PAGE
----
June Marks End To A Disappointing Six Months
CHAPEL HILL, NC (July 19, 2013) – June marked the end to a disappointing six months for North Carolina’s labor market. Over the first half of 2013, employers added just 16,100 more jobs than they cut (+0.4 percent). That change was the worst first-half figure posted so far during the economic recovery. Moreover, the size of the state’s labor force has fallen steadily throughout the year, as has the number of employed persons.
These findings come from new data from the Labor and Economic Analysis Division of the NC Department of Commerce.
“The first half of 2013 was the most disappointing one for job growth in North Carolina since the onset of the recovery,” said John Quinterno, a principal with South by North Strategies, Ltd., a research firm specializing in economic and social policy. “While 2013 began on a positive note due to hiring in the private sector, virtually no net job growth occurred during the year’s second quarter. Since March, the state has lost 100 more jobs than it has gained.”
In June, North Carolina employers added 5,700 more jobs than they cut (+0.1 percent). That monthly change was the first positive one logged since February. Last month, private-sector payrolls netted 6,300 positions (+ 0.2 percent), while public-sector payrolls shed 600 jobs (- 0.1 percent). Within the private sector, the professional and business services sector netted the most jobs (+3,700, +0.7 percent), with 97.3 percent of the gain originating in the administrative and waste management services subsector. The construction industry added, on net, 1,800 positions (+1.1 percent), followed by the trade, transportation, and utilities sector (+1,600, +0.2 percent), with all of the gains occurring in the retail trade subsector. Meanwhile, the other services sector shed the most positions (-1,600, -1.1 percent), followed by the education and health services sector (-600, -0.1 percent) and the leisure and hospitality and manufacturing sectors (both -300, -0.1 percent).
A revision to the May payroll data found that the state lost somewhat fewer jobs than first estimated (-5,100 versus -5,900). With that revision, North Carolina now has, on net, 119,600 fewer payroll positions (-2.9 percent) than it did in December 2007. Since bottoming out in February 2010, the state has netted an average of 5,200 payroll jobs per month, resulting in a cumulative gain of 208,200 positions (+5.4 percent).
“North Carolina experienced very little net payroll growth during the first half of 2013,” noted Quinterno. “The net gain of 16,100 jobs equaled just 35.6 percent of the gain recorded during the first half of 2012. For North Carolina to net as many jobs in 2013 as it did in 2012, the state would need to net an average of 12,300 jobs per month for the rest of the year. The last time the state averaged comparable growth during the second half of a year was in 2006.”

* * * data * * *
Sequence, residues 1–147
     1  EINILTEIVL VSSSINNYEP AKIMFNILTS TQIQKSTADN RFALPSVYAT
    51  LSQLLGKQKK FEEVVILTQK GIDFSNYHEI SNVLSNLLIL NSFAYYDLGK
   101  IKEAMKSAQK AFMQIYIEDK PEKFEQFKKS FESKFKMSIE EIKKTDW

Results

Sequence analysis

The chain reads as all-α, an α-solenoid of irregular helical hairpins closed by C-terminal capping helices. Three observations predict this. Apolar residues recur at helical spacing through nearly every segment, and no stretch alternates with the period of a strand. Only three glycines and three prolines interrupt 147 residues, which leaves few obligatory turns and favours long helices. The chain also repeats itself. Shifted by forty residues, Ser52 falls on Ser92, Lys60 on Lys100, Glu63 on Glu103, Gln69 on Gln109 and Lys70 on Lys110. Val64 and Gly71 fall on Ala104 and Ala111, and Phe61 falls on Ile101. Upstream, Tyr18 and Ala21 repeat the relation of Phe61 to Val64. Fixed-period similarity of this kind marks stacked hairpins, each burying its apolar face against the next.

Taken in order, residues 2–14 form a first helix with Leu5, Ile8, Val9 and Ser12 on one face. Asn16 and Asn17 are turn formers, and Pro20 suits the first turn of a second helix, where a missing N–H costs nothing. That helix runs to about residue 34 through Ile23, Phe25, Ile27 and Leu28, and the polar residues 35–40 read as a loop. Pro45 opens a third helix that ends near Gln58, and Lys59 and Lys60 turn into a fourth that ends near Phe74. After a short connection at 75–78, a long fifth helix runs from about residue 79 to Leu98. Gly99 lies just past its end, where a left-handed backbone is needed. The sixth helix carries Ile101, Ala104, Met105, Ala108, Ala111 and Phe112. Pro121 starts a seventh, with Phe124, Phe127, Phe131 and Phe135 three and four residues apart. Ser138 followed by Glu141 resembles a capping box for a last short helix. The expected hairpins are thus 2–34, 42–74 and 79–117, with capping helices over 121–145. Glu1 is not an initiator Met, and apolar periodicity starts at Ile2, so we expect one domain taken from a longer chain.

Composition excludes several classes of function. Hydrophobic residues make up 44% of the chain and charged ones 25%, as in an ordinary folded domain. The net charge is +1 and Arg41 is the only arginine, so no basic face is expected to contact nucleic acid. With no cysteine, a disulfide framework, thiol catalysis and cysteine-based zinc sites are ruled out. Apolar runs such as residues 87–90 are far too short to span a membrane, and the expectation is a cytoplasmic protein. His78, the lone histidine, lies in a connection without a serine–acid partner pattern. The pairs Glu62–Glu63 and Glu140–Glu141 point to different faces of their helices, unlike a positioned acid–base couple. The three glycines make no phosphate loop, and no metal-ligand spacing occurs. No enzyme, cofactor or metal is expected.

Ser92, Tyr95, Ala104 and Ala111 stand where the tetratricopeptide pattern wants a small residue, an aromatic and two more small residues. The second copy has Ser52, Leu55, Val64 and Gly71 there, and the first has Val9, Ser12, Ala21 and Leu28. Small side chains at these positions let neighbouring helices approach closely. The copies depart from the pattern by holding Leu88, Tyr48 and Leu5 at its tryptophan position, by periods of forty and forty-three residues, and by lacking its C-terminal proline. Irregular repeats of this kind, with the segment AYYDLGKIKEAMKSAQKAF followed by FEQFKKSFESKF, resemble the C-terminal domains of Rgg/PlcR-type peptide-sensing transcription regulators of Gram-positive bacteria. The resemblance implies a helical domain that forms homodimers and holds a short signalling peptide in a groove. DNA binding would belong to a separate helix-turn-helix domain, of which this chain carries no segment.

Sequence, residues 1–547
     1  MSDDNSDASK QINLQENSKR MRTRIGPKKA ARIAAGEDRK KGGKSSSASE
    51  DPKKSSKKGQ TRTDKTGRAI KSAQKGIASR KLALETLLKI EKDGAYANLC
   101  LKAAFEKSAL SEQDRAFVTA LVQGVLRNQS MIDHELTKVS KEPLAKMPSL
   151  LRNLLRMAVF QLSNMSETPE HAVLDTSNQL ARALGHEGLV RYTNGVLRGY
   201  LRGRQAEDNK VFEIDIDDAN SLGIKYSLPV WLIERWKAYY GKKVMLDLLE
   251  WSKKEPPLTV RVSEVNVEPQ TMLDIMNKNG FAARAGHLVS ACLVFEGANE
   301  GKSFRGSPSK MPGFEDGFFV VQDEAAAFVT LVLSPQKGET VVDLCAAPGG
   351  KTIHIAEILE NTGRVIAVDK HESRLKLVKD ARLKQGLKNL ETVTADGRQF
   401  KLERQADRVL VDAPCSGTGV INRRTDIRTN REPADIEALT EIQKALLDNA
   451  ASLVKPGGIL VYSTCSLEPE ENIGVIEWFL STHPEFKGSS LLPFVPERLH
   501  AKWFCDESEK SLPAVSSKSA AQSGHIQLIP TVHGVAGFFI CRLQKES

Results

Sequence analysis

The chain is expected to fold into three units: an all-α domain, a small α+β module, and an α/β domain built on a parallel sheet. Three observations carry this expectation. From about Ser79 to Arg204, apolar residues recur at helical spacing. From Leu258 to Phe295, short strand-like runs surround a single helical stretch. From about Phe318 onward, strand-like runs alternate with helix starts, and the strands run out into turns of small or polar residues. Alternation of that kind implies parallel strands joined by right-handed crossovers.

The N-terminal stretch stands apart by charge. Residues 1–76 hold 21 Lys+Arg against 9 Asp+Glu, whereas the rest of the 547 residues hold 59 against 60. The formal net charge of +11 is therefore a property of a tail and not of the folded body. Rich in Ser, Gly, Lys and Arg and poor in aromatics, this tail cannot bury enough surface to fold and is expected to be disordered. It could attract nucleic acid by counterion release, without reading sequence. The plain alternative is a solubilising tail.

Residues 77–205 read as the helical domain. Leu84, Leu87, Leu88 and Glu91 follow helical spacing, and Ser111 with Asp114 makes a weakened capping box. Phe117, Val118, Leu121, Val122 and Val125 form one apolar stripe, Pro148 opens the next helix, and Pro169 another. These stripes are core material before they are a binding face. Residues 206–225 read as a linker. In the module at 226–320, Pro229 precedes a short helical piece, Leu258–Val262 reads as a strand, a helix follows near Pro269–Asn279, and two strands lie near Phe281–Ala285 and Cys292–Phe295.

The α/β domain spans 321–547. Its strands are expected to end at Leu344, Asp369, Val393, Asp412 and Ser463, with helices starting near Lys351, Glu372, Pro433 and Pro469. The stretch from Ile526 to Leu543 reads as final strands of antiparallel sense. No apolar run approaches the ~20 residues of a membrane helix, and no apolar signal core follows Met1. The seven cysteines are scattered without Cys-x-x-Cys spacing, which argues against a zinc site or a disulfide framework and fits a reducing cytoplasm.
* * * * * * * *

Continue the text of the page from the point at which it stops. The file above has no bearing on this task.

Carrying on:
The household data for May also pointed to the existence of a sputtering labor market. Since the start of 2013, North Carolina has experienced a steady decline in the size of the labor force, as well as the number of employed persons. The size of the labor force has returned to a level last seen in April 2012, and the number of employed persons is at the lowest level posted since October 2012. While both the number of unemployed North Carolinians and the statewide unemployment rate have fallen throughout 2013, the improvements are largely attributable to people leaving the labor market rather than finding new positions.
Another alarming development experienced during the first half of 2013 was a steadily slide in two major measures of labor utilization. The labor force participation rate has fallen by 1.1 percentage points since last December, while the employment to population ratio has dropped by 0.7 percentage points. Both indicators are trending back toward their recessionary lows.
“The first half of 2013 proved disappointing for North Carolina’s labor market,” observed Quinterno. “Job growth ground to a halt, especially in the second quarter, and sizable numbers of people left the labor market altogether. If the current pace of job growth continues during the year’s second half, 2013 could prove to be the worst year of job growth in North Carolina since the onset of the economic recovery.”